Holistic Care in Adult Nursing

In the case of a diabetic patient with an amputation below the knee, the multidisciplinary team acted in concordance to the needs of the client.

A multidisciplinary team characteristically consists of nurses, surgeons, psychologists and physiotherapists. In the case of a patient who has just had amputation below the knee as a result of diabetes, the work of a surgeon is to provide critical post-operative care and manage with the multidisciplinary team a regimen that can be followed by the patient to enable him/her to recuperate as fast as possible. In helping a patient with amputation, the physiotherapist would provide the recuperation in terms of physical mobility. When it comes to nurses, the target becomes vaster and more complex than it seems. Amputees, says a research by Ellis (2002) often experience phantom pains and it is the nurse’s job to address the physical as well as psychological aspect of the pains. These phantom pains can exist both pre- or post-operative conditions and may prolong to up to two years. The nurse would also provide day-to-day care and needs of the patient as life to the patient as he/she knows it will change and the stressor is to be managed day in and day out. As said by Matzo and Sherman (2001), holistic nursing care brings together the various dimensions of health care to the patient. This includes knowledge, theories, expertise, and intuition. It also uses appropriate interventions in the context of the client’s total needs

Had this network not been established, the condition of the aforementioned case, including many other patients who are benefiting from the system of multidisciplinary health care system, would not have had the chance of a better quality of life with their respective ailments.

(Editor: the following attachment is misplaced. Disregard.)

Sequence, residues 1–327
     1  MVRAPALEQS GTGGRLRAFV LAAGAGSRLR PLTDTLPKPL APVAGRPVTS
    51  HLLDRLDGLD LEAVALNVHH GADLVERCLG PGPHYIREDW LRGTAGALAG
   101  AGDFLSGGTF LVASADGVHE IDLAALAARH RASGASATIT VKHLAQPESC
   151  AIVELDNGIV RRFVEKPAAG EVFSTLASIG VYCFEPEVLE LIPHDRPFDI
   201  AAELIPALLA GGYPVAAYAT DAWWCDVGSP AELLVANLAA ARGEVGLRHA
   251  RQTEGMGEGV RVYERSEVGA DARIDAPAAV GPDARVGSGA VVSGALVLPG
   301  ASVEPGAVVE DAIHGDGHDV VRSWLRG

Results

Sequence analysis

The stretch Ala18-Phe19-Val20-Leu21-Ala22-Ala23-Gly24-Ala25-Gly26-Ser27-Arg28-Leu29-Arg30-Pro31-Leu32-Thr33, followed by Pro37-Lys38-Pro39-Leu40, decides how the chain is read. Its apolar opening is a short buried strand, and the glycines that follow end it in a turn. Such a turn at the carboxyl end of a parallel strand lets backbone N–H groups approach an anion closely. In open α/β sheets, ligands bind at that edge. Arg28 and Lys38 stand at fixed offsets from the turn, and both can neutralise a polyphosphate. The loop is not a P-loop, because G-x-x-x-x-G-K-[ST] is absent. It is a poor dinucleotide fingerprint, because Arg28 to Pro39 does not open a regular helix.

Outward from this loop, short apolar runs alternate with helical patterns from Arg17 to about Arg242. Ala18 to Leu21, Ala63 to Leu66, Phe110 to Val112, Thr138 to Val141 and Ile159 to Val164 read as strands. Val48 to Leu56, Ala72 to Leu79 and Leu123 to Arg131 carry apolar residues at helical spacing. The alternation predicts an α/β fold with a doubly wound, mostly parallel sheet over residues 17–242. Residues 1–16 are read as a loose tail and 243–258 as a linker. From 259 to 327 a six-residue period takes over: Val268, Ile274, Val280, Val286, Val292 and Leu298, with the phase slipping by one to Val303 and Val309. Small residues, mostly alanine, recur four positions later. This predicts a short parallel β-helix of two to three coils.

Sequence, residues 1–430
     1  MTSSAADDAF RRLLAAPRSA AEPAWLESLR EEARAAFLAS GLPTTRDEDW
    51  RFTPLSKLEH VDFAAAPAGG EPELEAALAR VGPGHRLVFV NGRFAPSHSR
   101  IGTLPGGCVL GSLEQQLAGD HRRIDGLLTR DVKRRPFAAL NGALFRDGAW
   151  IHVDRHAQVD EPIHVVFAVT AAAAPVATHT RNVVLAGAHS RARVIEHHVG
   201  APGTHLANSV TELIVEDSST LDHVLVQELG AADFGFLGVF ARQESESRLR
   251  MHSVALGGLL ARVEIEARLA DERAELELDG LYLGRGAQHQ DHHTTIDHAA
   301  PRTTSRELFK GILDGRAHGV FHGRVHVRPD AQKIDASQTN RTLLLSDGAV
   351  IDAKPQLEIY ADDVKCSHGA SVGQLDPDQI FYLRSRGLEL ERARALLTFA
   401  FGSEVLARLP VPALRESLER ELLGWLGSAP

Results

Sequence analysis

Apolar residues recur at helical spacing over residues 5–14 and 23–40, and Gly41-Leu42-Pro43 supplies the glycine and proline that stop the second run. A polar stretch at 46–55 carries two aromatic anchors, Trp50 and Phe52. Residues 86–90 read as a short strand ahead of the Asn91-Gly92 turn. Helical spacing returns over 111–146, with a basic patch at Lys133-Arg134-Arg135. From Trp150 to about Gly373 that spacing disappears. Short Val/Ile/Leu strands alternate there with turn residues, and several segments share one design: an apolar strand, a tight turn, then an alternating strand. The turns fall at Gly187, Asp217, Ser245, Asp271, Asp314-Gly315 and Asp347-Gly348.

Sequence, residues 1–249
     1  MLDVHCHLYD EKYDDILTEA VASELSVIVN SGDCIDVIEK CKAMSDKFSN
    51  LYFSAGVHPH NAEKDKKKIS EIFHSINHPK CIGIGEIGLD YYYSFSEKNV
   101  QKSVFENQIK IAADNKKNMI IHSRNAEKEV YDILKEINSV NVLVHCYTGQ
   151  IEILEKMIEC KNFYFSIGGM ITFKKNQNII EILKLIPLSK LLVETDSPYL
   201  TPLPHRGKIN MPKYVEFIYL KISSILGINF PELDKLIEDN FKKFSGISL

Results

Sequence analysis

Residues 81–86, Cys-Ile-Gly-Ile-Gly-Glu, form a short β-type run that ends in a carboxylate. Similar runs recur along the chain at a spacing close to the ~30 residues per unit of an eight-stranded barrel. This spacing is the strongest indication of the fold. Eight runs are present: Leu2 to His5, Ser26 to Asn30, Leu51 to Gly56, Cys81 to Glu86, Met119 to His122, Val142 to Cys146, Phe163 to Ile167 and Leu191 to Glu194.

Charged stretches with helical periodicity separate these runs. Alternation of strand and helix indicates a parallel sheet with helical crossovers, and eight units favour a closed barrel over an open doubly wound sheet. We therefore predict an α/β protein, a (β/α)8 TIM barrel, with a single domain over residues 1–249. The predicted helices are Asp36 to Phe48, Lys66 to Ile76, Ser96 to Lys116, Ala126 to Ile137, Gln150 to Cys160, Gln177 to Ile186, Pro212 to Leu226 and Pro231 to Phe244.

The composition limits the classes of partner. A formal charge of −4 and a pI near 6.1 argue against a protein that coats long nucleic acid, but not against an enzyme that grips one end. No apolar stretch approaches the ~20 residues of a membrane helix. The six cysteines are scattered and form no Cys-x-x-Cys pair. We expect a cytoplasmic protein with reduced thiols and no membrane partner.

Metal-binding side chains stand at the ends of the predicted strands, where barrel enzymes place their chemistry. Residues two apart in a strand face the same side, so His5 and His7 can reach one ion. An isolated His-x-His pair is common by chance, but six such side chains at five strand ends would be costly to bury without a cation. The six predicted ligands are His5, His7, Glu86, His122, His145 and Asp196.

Many holistic strategies such as establishing support groups, using touch, prayer and imagery as well as movement and music therapy and stress-management strategies to enhance health outcomes are multidisciplinary in their character. Various professionals contributed to the development of these strategies, such as nurses, physicians, social workers, child-life specialists and occupational therapists. Collaborative, multidisciplinary holistic practice is necessary for true healing and wholeness in clients.

Some issues that may rise, according to Atwal and Caldwell (2006), that hinder teamwork: (i) differing perceptions of teamwork; (ii) different levels of skills acquisitions to function as a team member; and (iii) the dominance of medical power that influenced interaction in teams. Thus, education establishments and nursing managers need to ensure that the acquisition of team-playing skills is an integral part of continued professional development.

To reduce these differences and barriers, the need for a more solidified method of working is the need of the times. If a patient’s well-being is given the highest priority, the question of dominance of respective domains, stereotyped perceptions can be reduced. For skill acquisition, if harmony between the team members is optimum, where they remain in constant correspondence and place highest value to the quality of life in question of the patient, the skill acquisition problem becomes secondary since each team member has a unique contribution to a patient’s life, health and cure. Fay et al (2006) found that that it was necessary to establish team processes that help capitalize on multidisciplinarity, i.e., all aspects of the multidisciplinary team members are to contribute fully and comprehensively to patient care. Each team member was being listened to, each had a say and each remaining in adequate contact with each other

References

  1. Atwal A., Caldwell K. (2006) ‘Nurses’ perceptions of multidisciplinary team work in acute health care’, School of Health Sciences and Social Care, Uxbridge, UK. International Journal of Nursing Practice, (6) pp. 359-365.
  2. Ellis, K. (2002) ‘A review of amputation, phantom pain and nursing responsibilities’ British Journal of Nursing, (11) pp. 155-163.
  3. Fay, D., Borrill, C., Amir, Z., Haward, R., & West, M., (2006), ‘Getting the most out of multidisciplinary teams: A multi-sample study of team innovation in health care.’ Aston Business School, UK, Journal of Occupational and Organizational Psychology, (79) pp. 553-567.
  4. Guzzetta, C. (1998), Essential readings in holistic nursing, Aspen Publishers, Gaithersburg.
  5. Matzo, M., & Sherman, D., (2001), Palliative care nursing: quality care to the end of life, Springer, New York.